I hold out my hand.  “Lady Pink, I’m so glad to meet you.  We spoke about year ago.  I was a journalism student out at Adelphi University and I interviewed you for a paper I did.”

Lady Pink barely looks at me.  “You guys paint?”

“I do,” Enrique says.  “Oil.  But I have mad respect for aerosol.”

“I do oils and acrylics on canvas sometimes, but this is what I love, because it’s public.  You can share it with thousands of people and it doesn’t belong to any one person, but to a whole community.”  Pink is short, but she has stature.  I watch myself around her and remind myself that I am in the presence of a master.

“It must take a particular skill to work with spray paint,” I say.

“Great skill.”  Pink shakes a spray paint can and the metal ball inside clanks rhythmically.  “A lot of these women are the best in New York City.  I’m glad we’re all working on this wall together.”

Cariño and Dutch Boy cross the street and are watching the work unfold.  Too-Fly falls off her milk crate.  Cariño and Dutch Boy laugh loudly.

“Damn, Cariño, she can’t even stand on the milk crate.”

Without missing a beat, Lady Pink marches over to them.  “What’s so funny?”

“Nothing.”  Dutch Boy answers solemnly.

“I know you down with Tats Cru, Dutch Boy, but don’t cause problems.”

“I’m probably better than most of these chicks.” Dutch Boy says under his breath.

Cariño snickers.

“These women are better than most of the guys out there.  Now scat ‘cause we got a lot of work to do.”  Lady Pink turns to Too Fly.  “You OK?”

She nods and continues painting.

Cariño and Dutch Boy lean into each other and laugh some more.

Lady Pink calls out across the street.  “What are you laughing at?  You look like a boy, but I can see you’re a girl.”

Dutch Boy chortles and spins around.  “Spooked.  Busted.”

“Sso what.  Chickss can’t paint.” Cariño takes a strong stance.

Lady Pink shakes her head, walks away and continues painting her section of the wall.  She looks regal standing on a ladder reaching the top part of her wall that was over six feet tall.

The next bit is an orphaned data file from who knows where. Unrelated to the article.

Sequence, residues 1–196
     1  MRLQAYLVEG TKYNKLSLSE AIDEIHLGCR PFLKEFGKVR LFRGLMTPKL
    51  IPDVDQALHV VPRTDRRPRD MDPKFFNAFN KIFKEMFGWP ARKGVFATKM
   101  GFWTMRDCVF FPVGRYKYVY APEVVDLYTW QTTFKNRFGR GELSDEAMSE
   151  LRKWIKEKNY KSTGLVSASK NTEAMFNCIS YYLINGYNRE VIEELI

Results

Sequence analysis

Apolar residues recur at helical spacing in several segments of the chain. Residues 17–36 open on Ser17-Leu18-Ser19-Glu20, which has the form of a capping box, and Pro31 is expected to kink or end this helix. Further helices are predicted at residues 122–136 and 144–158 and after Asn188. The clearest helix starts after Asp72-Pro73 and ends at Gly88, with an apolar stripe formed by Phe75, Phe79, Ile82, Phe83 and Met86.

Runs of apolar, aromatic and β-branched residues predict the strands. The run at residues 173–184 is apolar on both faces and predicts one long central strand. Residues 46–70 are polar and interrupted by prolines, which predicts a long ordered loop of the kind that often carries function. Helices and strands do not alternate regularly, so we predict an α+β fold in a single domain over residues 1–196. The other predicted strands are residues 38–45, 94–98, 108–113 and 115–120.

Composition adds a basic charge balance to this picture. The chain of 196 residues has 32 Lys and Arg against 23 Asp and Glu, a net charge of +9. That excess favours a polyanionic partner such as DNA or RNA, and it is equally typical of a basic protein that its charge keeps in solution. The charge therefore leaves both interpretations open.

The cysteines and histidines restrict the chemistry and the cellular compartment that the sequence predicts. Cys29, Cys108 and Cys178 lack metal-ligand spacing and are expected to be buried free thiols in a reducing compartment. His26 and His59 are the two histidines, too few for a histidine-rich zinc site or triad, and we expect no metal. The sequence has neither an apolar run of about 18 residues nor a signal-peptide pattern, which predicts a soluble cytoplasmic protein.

Cariño, Dutch Boy, Enrique and I sit back across the street, talk and watch the murals unfold.

The works went from abstract images, to giant tags swirling with color and shapes.  The colors on Lady Pink’s big pink army tank were vibrant and warm and the hearts and flowers shooting from it seemed to leap off the wall.  I notice a small patch of white wall right before Pink’s mural.

“Yo, Dutch Boy, you have to admit ssome of those muralss are dope.”

Dutch Boy shrugs. “Some are but most are graffiti 101.”  He cackles.

Lady Pink looks over.  “Sister, come over here.”  She calls out to Cariño.

“I wasn’t laughing,” Cariño defends herself.

“I don’t care, c’mere.”

Lady Pink sips a coffee.  “What’s your favorite color?”

“On the wall?”

“No, your favorite color.”

Cariño points to her royal blue shirt.  Pink reaches into her milk crate and finds a can that matches it.  Pink writes Cariño’s name in the unpainted white patch near her mural.  She hands Cariño the paint can.  “Do something.”

Cariño takes three steps back as if Lady Pink offered her a dead rat.  “I can’t paint.”

“If you don’t want to do it, cool.  But don’t say you can’t do it.”

Cariño looks down the block at the women finishing their murals and commenting on each other’s work.

“It can be anything you want.  I’ll show you how to handle the spray can.”  Pink shakes the paint can.  I want to run to Cariño and encourage her to paint, but Pink’s actions are like a laser pointing right to the heart of the situation.  I look at Enrique and he smiles.

Dutch Boy yells.  “Don’t do it, Cariño, you gonna suck.”

“Fuck him.”  Lady Pink holds out the can.  “Think of something, anything.”

Cariño smiles.  “A rainbow.”

“What kind?  A regular one?  A gay one?  One that has crazy colors?”

Cariño accepts the can of spray paint.  Enrique and I clap.  Lady Pink takes a bow and waves us off.  “OK, guys, don’t distract her.  She’s got some work to do.”